If you’ve been following me on Twitter and seeing my posts, you’ve probably noticed that I’ve been going to the dentist a lot lately.
Two things I swore I’d do after getting fully vaccinated was go to the dentist and get a haircut (since I could do neither of those things the past two years thanks to the pandemic). I figured I might as well try to get as much work done as I could while restrictions on going out are a little looser.
I didn’t really think about getting veneers done at first. It was suggested to me on a dental visit several years ago as an option for my two frontmost teeth on my upper arch, both of which had restorations that needed regular maintenance since they were prone to bad staining.
I opted out of the procedure back then because I was a heavy smoker, and I drank a lot of coffee. The veneers the dentist was suggesting were expensive, and I would have had to quit both smoking and coffee if I wanted them to remain stain-free. I wasn’t ready to give up both habits (and seriously, I don’t think I can ever quit coffee), so I set the idea aside.
Fast forward to recently—with more disposable income, a kicked smoking habit, and full vaccination—I figured I’d ask the dentist about veneer work. They suggested almost a full overhaul of my teeth: restorative work plus veneers for my upper and lower arches, along with extractions of my lower wisdom teeth that I apparently never got done (really not looking forward to that).
Out of all the procedures, I looked forward to the veneers because I’ve always been extremely self-conscious about the appearance of my teeth—thanks in part to early childhood dental work that traumatized me. So now, older and presumably wiser, I figured that if I can fix my teeth and dental habits now, it’d save me much frustration in the future. And pain. So much pain.
Getting veneer work isn’t as rosy as influencers would like you to believe, though.
I had to get almost full restorative work done before my teeth could be prepped for the veneer work, which meant two almost 4-hour sessions for upper and lower arch restorations.
Then the worst part was the prep work for the actual veneers, which included yet another 4 or so hours of teeth shaving (I looked like a shark at one point) and fitting temporary acrylic veneers. Those were meant to be a preview of the final veneers and protection for your teeth for at least a week before the final installation.
The week on temporary veneers was the most exhausting because I could only eat soft food for the entire duration, and because the acrylic was so thick. They had to be, to protect my teeth. I had difficulty talking and thinking about anything other than my teeth. My confidence plummeted to zero for the week that I was wearing the acrylic veneers.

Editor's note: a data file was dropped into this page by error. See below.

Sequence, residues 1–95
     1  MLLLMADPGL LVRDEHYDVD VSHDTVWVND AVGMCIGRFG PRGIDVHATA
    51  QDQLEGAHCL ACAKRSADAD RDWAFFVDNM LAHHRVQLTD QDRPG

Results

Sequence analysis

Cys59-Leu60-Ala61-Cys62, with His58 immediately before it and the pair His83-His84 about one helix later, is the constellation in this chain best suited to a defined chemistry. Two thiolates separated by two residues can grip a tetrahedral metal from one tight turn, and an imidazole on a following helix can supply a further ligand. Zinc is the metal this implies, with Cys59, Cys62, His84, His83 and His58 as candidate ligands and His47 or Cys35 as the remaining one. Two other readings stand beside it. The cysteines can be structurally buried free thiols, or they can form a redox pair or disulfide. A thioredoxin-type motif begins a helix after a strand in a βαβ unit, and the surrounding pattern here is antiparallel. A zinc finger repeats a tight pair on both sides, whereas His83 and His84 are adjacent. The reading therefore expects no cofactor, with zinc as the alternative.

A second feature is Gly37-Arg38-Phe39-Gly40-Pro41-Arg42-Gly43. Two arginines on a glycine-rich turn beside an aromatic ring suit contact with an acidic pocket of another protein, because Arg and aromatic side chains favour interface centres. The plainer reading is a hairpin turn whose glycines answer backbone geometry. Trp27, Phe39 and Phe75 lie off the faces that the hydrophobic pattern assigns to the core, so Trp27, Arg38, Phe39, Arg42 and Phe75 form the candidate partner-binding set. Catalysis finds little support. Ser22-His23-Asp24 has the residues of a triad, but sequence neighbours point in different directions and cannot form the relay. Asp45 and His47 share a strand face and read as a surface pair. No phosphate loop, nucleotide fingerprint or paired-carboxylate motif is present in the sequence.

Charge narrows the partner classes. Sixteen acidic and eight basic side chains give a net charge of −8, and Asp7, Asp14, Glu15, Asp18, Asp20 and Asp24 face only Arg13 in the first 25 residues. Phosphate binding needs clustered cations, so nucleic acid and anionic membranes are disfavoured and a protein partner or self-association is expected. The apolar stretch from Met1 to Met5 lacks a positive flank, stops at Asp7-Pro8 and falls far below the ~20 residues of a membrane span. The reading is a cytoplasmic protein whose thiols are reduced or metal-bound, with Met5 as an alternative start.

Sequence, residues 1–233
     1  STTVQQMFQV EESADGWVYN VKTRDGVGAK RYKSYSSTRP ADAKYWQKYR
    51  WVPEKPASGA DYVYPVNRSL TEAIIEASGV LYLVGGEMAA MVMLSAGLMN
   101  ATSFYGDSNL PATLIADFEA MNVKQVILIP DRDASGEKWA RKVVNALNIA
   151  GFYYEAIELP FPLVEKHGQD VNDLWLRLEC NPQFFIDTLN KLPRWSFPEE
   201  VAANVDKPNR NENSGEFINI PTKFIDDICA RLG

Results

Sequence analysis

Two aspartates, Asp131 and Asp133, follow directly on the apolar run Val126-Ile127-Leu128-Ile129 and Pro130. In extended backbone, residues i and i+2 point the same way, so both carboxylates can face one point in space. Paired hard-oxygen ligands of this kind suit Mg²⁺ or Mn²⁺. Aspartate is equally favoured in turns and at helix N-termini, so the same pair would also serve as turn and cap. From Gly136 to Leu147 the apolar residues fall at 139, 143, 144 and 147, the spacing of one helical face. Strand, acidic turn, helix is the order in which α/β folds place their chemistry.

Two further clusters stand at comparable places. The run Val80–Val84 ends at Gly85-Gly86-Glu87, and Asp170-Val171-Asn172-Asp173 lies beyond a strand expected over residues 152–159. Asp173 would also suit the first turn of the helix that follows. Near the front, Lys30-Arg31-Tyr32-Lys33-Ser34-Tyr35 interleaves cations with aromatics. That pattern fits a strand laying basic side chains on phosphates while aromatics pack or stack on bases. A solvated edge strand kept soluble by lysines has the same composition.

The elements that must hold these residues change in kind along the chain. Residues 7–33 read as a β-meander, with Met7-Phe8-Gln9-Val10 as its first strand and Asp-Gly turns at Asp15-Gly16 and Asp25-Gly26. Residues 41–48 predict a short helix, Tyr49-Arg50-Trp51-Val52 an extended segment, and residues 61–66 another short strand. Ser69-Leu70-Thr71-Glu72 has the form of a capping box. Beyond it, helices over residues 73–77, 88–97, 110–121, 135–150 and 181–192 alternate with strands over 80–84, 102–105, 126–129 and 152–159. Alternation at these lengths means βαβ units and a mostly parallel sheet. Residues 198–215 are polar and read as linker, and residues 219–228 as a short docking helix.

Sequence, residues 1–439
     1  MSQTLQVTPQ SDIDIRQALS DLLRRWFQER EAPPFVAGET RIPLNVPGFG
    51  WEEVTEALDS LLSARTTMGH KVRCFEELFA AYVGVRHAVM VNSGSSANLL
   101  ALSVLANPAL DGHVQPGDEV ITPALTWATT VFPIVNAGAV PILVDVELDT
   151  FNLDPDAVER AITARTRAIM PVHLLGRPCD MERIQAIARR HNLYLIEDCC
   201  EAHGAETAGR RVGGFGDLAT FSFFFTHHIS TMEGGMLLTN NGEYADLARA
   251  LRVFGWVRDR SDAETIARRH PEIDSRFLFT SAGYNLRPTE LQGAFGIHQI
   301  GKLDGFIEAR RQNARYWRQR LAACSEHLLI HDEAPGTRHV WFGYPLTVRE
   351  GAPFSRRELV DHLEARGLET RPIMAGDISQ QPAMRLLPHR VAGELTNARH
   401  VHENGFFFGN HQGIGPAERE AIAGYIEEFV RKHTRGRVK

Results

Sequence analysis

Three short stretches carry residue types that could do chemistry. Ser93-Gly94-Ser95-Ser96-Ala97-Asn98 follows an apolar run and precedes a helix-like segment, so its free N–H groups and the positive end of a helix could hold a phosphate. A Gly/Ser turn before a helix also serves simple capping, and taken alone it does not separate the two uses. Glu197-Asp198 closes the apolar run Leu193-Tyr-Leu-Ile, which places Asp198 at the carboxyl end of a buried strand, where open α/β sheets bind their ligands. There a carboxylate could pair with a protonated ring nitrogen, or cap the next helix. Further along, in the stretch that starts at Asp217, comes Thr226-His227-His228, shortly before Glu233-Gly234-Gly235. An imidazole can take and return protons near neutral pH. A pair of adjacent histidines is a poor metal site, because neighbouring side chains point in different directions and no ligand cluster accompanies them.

The installation of the actual veneers was also painful. Even with anesthesia I still felt sensitivity once they removed the temp veneers (which felt like getting repeatedly hammered in the head) and while each piece of porcelain was fitted and cemented to what was left of my actual teeth.
By the end of it all… well, I was so chockful of anesthesia that when the dentist asked me to smile for their records, I could barely move my mouth. It was only when the anesthesia wore off completely that I could appreciate my new smile.
While I don’t regret getting veneers, I should probably provide a couple of warnings. First, if you happen to be young and have healthy teeth, this is probably not something you should think about getting until you’re much older. Veneers don’t last forever: the ones I got should last me a good 15 years with proper maintenance, so I will be well into my fifties before I need to get them replaced. Second, veneers cost a lot. Even the cheapest option is still Php 10k a tooth, which will only last you a good 5 years or so.
Obviously, I’m not a dentist, so you should still consult with one for whatever dental work you may need.
It’s been a few days since my veneers got installed, so I’m a little more used to them now. While my dental saga is not over yet (I still need to get the extractions, and I’m pretty sure I broke a back tooth that I need to get fixed soon), I can finally see the light at the end of the tunnel.
After that, it’ll be another 6 months before I should revisit the dentist.
My dental habits have been completely overhauled by this experience. Nothing like spending countless hours at the dentist in the span of a month to shock me into submission.